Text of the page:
By: Steve Trubilla
“Mom I miss you, tell everyone I love them”. A line from a typical letter an American kid writes that is deployed somewhere in the world at Christmas time.
To many this will seem uneventful. Military service has become less and less of an option for most in our country today. Statistics show less than one percent of people now serve.
Fewer in Congress now have served in the military than any other time in our history.
Military service was once considered tradition for many; such things were part of the fabric of life.
It used to be just about everyone had a family member that at some point wore a uniform. I remember as a child during holidays there was always talk of this or that person that had served in WWI, WWII, Korea, and Vietnam. I even remember stories about the Spanish American War, and an ancestor that is said to have been at Valley Forge with Washington.
There were somber moments of those killed or terribly wounded. Conversations had a way of drifting to family history. You know, things like remember when John or Mary did this or that, “to bad they are overseas and cannot be here this year, well may be next year”.
Then, as now, there were always people unhappy about things. At the end of it all there was always a sense of national pride and patriotism. This is something I think we have lost.
People had the sense America was a place that lit up the world with hope. It was “we the people” and “united we stand”. There was no “press one for English”. I do not really remember anyone talking about being hyphenated Americans. Everyone was just an American.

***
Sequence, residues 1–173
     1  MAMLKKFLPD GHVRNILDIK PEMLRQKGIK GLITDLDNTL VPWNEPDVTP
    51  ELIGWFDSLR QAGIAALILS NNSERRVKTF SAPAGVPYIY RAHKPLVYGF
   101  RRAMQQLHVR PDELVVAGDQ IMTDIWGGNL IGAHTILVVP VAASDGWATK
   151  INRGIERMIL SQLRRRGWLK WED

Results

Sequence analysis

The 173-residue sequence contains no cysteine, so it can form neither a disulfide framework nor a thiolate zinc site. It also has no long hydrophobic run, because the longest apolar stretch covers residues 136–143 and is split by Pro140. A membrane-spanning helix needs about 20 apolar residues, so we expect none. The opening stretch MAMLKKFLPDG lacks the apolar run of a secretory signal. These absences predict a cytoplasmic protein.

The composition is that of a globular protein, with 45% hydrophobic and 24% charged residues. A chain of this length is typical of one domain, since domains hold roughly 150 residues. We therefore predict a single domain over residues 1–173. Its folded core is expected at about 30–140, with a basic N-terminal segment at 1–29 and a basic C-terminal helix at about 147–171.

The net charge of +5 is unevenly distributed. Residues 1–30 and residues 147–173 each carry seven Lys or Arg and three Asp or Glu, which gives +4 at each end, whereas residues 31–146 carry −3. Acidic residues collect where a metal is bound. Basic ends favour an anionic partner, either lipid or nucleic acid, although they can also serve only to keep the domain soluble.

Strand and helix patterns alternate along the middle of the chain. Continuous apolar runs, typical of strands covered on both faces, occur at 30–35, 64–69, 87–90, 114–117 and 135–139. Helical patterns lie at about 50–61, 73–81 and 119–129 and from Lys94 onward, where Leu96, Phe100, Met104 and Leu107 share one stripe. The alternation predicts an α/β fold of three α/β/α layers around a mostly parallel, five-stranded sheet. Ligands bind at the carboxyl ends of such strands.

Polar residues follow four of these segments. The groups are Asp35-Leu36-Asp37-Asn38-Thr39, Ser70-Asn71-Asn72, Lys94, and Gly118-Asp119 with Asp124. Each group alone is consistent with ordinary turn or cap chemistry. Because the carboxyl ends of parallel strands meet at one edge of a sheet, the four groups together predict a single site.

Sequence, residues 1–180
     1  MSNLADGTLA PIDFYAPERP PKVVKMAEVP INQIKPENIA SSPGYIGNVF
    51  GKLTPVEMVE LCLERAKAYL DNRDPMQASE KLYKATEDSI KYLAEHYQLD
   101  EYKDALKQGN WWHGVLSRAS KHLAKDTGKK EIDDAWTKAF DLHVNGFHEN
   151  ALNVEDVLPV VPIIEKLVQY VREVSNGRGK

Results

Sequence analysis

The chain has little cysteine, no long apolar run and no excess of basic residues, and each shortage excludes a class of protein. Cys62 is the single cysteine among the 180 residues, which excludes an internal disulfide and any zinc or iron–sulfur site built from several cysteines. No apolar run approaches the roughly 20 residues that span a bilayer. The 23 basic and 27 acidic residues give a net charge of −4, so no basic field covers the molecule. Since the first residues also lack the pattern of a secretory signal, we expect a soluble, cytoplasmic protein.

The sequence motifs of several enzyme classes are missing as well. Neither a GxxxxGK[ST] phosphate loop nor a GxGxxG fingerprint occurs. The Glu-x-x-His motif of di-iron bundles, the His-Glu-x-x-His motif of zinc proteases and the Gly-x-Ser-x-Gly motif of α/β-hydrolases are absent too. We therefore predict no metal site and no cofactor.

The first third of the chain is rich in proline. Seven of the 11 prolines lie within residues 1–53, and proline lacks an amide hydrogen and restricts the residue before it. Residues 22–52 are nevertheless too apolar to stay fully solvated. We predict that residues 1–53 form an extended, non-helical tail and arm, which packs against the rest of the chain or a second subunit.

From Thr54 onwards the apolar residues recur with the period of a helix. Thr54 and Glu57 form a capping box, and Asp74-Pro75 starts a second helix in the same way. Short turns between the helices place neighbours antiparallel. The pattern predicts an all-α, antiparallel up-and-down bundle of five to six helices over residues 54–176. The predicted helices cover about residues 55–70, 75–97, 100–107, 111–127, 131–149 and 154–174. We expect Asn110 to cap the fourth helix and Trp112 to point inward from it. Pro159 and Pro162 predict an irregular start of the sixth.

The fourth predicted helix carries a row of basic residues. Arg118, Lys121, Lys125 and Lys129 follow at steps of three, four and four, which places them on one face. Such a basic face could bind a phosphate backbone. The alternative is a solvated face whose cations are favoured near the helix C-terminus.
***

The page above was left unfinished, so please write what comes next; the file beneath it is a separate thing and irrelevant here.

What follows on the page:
Some doing better than others, but most did not think they were better than others.
It was prayer in schools and “I pledge allegiance to the flag”
I do not remember a time when our country has been more divided. Nor a time when I was more concerned for the future.
Self-interest seems to outweigh all other things, as one group is pitted against another.
The other person’s troubles or loss is not ours to be concerned with, so the other person becomes invisible when they are most in need.
Even though around the world Christians are being more and more persecuted, Christmas time in America is still a special time. It is a time to remember some of those that have become invisible.
Truly, if there is hope for the future this is something we can all agree upon.
The list of these people is endless, but I want to bring attention to a very special group of them. They are Gold Star moms and dads.
Many reading this may not know of Gold Star parents. These people are the mothers and fathers that have lost someone to war.
For them wars are not over. They will never again receive the “Mom I miss you” letter. John or Mary will not be there next year.
The same is also true for many parents, and other family members, that their loved ones come home crippled or mentally forever trapped in a long ago battle.
Christmas is less special for these people. Most of them do not speak of it. The headlines that reported what happened have long since faded. Now they simply endure.
Yes, now only less than one percent serves in the military. For some, it cost hundred percent.
Somewhere today in an underfunded retirement home there is a forgotten old woman, maybe eighty four or five years old.
She is sitting alone at a window.
It is snowing; no one has visited her for more than two years.
It is Christmas, there she sits under a worn thread bear red, white, and blue afghan; a present from the USO.
Her hands are bent with age. Look closely, you can see her gently holding the letter, “Mrs. Pomerton, I am sorry to inform you……………….” The letter is dated 25 December 1942.
As you read this, some American kid is walking the mountain passes of Kandahar. An eighteen year old Marine is standing post in Helmond province.
One of their mother’s is reading this year’s Christmas letter from her son.
A lonely father still waits for word about his son left as a POW in Vietnam. No word yet.
There is a little girl that on Christmas day this year that asks her mother, “Why mommy, why is daddy not coming home for Christmas”.
So yes it is Christmas, and I hope you do well.
Take a moment and say a special prayer for America’s Gold Star mothers and fathers.